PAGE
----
So my father passed away about 16 years ago, and my mother was still living in her home.
And my husband had various testing and things. They said the lungs were clear and there didn’t seem to be any problems so you should go to the heart specialist. It took many months to get to the heart specialist, and we finally got there. He said, “It’s not your heart; your heart is fine. There’s no problem at all.” So we really didn’t know where to go.
Marc, who started as a paid caregiver for the son of an elderly couple, said, “ It happens fast. As the years go by, it becomes friendship, a strong friendship. And he is someone that inspires me a lot; I would have difficulties to go on without this person.” Marc now lives together with his wife and the friend he cares for in an apartment. Rhyannan started caring for the son of a deceased friend because she knew that there was no family around to care for him.
Well, I met my husband 12 years ago. We went on a blind date. We had met on the internet and, at that time, I was living in [a city in BC]. He asked me out on a date, so I was going to go out for supper with him. He drove all the way to take me out, and he had never mentioned that he had Parkinson’s. He walked in my door with posies and he was going to give me a kiss, but I wouldn’t let him.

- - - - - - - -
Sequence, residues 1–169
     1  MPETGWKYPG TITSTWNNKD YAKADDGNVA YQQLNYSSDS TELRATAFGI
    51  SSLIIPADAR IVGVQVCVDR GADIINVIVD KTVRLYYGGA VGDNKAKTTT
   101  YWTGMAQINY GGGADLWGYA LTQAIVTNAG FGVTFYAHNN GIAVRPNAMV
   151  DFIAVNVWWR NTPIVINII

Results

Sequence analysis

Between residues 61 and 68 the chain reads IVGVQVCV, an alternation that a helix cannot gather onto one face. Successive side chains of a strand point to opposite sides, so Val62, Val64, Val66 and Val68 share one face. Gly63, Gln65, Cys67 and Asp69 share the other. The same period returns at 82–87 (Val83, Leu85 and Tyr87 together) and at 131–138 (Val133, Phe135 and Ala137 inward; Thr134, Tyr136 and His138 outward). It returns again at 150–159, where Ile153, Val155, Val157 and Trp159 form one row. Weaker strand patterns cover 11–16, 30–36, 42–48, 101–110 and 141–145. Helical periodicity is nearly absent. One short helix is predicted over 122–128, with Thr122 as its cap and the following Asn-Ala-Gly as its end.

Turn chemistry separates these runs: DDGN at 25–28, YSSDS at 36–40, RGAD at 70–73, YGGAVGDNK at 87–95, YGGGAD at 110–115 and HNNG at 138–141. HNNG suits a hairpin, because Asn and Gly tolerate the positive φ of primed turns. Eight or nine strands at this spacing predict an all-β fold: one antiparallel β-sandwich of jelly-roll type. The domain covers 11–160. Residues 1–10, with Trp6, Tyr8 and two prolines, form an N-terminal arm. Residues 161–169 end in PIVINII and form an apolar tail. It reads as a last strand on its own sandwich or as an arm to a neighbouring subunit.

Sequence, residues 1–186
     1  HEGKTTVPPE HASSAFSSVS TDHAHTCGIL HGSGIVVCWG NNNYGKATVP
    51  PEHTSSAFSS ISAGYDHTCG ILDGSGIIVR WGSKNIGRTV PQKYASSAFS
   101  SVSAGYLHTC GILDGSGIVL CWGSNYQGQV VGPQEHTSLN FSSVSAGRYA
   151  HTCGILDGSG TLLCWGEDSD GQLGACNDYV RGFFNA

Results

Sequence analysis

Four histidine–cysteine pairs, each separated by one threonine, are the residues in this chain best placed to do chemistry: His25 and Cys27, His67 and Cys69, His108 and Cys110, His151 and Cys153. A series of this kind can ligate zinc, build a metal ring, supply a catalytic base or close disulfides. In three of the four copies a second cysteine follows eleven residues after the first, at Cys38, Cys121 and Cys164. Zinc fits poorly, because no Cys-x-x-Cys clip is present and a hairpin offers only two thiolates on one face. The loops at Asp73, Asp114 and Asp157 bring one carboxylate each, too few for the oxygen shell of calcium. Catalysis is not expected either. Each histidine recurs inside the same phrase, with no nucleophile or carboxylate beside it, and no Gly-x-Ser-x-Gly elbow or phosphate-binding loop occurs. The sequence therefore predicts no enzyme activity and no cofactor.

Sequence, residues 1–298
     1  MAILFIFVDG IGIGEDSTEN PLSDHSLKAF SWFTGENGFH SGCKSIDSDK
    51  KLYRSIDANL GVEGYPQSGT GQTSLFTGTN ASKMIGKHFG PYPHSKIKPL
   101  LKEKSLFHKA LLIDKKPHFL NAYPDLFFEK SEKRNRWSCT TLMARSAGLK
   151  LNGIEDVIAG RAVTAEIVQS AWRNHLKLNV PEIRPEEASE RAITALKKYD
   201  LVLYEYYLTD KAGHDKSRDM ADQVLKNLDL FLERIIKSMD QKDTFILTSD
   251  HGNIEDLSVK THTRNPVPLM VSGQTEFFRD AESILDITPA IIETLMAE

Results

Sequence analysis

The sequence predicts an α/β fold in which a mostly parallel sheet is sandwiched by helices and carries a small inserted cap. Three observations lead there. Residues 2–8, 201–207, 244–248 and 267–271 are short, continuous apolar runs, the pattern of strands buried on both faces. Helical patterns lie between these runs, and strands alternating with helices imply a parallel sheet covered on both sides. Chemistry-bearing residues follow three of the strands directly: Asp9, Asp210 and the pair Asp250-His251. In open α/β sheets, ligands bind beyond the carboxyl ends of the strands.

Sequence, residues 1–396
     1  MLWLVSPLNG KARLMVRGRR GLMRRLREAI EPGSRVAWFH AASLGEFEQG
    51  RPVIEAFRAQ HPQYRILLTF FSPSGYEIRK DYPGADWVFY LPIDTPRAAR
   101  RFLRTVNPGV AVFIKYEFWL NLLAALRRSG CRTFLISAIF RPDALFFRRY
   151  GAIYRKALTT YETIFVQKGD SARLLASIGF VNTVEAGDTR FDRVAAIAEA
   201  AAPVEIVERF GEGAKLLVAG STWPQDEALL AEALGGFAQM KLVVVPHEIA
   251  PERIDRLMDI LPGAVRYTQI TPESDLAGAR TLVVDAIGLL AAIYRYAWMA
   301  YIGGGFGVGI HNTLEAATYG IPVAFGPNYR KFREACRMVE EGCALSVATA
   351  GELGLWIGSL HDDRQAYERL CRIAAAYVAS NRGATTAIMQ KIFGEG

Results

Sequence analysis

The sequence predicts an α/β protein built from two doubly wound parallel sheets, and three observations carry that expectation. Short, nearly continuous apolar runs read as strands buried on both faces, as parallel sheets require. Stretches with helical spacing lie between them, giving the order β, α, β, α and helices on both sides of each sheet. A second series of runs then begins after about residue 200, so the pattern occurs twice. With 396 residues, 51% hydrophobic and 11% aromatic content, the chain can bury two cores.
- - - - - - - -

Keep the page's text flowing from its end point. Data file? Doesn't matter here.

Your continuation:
When I first started being a caregiver well, I met my husband, Luke, in 2004. We met online actually, and then kind of courted each other, so to speak, back and forth in writing for quite a while before we met in person. Actually at that time—we always make a joke because at that time I had blue hair that I had done for a fundraiser, and Luke uses a power wheelchair. He has muscular dystrophy.
Caring at a young age
Some caregivers were younger than 18 years old when they became caregivers. We interviewed 5 people who were or had been “youth caregivers". Snoopey is a young caregiver and has cared for her mother for many years. In addition to this big responsibility, she has her own personal challenges: “As far as I know, I’m on the borderline of being mentally retarded. I was tested a few years ago and they said that upstairs is a 12-year-old—I have a mind of a 12-year-old—and that I can never live by myself.”
It started when I was 13. My mom came in my room and said, sat me down and said, “I have something to tell you.” She was actually originally diagnosed with Lou Gehrig’s disease—with ALS—so I was told that she had ALS and that she would probably die within the next few years. And then I’m not sure exactly when they discovered that she didn’t have ALS, [but] she actually had Multiple Sclerosis.
From a pretty early age of four and a half, I’ve lived and been surrounded in an environment where family caregiving is just something that was always normal. So I guess I started as a caregiver when I was five, and by that I mean the experience of watching family deal with a severe brain injury was something that has always been around me.
Caring at a distance
Some caregivers helped to look after someone who lived far away. It became a challenge to know exactly what was happening and caregivers often felt more comfortable about the situation when they visited, sometimes staying for longer periods of time.
So I got a phone call from my brother in [city in the US] and he said, “I’m flying out to a small town, […] near [city in AB]. Dad has had a heart attack,” or something to that nature. Now, I had thought that dad had had a heart attack a few years back, probably 10 or 15 more years back. So I thought, “Hmm, okay this is maybe a second one.
Publication date: October 2013